am US/Central Heat Wave Brings Triple-Digit Temps To Midwest...
More than 200 cities and towns in the western part of the United
States have set heat records this summer. Chicago, Ill. and St.
Louis, Mo. hit 102 degrees on Sunday, while Iowa City, Iowa and
Phoenix, Ariz. hit 101. In Iowa, the heat index made it feel like
113 degrees outside this weekend. Chicago's heat index topped
105, a big concern in a city where many residents don't have air
conditioning. Both Des Moines, Iowa and Chicago opened cooling
centers to help people escape the heat. In Illinois, emergency
workers went door-to-door checking on senior citizens. They urged
everyone to check on their neighbors."
As the heat left the
Midwest, it headed east.
"July 25, 2005 -
It will be dangerously hot across most of South Carolina Monday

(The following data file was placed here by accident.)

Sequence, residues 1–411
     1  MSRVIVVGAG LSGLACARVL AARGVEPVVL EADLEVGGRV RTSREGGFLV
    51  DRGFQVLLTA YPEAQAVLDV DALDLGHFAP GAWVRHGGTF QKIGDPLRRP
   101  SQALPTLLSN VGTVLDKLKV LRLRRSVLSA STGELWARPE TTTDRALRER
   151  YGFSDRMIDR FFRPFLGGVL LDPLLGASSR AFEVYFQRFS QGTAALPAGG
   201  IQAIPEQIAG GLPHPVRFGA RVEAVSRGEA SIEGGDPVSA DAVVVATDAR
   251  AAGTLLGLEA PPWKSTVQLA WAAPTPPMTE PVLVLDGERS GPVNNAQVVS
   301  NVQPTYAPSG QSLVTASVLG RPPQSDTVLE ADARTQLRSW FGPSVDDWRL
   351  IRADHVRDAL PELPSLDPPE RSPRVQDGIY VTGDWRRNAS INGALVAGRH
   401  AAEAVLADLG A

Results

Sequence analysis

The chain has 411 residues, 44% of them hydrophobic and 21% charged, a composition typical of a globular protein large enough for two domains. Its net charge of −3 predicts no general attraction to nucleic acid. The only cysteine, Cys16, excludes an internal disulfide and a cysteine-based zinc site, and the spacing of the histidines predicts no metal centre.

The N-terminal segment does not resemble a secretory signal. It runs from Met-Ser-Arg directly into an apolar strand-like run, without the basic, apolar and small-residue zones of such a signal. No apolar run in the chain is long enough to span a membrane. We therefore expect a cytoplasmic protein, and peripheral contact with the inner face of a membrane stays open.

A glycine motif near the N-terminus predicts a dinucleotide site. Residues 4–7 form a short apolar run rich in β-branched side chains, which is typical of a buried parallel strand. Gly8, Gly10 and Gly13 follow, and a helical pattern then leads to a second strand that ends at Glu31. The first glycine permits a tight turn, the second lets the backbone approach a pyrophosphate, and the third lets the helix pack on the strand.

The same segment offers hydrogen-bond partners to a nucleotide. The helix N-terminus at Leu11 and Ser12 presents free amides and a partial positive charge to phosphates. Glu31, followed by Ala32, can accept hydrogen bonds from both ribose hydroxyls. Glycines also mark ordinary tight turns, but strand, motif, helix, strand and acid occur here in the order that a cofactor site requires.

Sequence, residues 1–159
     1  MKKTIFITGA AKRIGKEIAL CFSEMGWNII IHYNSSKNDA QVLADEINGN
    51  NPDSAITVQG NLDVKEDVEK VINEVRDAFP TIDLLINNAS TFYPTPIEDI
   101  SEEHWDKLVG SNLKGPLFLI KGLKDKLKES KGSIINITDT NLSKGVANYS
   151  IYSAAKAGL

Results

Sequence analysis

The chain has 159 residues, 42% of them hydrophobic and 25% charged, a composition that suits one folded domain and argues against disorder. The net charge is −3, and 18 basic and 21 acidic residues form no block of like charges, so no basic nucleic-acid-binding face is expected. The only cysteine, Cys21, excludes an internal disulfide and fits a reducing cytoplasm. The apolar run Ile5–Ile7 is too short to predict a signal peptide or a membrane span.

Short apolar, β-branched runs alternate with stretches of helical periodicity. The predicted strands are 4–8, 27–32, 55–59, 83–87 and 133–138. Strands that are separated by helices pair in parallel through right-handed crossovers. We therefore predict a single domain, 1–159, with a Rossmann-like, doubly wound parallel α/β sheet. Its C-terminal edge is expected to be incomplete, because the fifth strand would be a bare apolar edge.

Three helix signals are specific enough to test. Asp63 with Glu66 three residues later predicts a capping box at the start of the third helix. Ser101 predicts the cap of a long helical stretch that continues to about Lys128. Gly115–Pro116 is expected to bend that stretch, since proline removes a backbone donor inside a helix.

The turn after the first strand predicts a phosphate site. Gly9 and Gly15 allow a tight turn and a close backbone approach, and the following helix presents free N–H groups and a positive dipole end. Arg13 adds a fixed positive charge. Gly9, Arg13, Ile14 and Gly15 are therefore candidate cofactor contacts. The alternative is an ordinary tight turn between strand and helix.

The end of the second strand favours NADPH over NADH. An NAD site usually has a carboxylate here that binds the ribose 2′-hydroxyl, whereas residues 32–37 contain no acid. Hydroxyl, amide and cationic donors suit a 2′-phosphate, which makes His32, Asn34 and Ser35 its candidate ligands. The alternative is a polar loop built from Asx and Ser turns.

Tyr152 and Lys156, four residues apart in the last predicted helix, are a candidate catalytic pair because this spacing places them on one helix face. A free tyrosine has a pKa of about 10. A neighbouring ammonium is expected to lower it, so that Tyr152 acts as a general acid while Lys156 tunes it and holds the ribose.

afternoon. ... The weather service says heat index levels could
reach 110 in the Upstate between noon and 6:00pm. City officials
are urging citizens to use caution this week."
While people may think
to "use caution" in a tornado or hurricane, the dangers
of heat are sometimes forgotten.
"Heat is the number-one
weather killer in this country. Extreme heat and humidity associated
with heat waves directly killed on average at least 237 people
a year in the United States for the period of 1994-2003."
How does heat become
"Our bodies dissipate
heat by varying the rate and depth of blood circulation, by losing
water through the skin and sweat glands, and as a last resort,
by panting, when blood is heated above 98.6°F. Sweating cools
the body through evaporation. However, high relative humidity
retards evaporation, robbing the body of its ability to cool itself.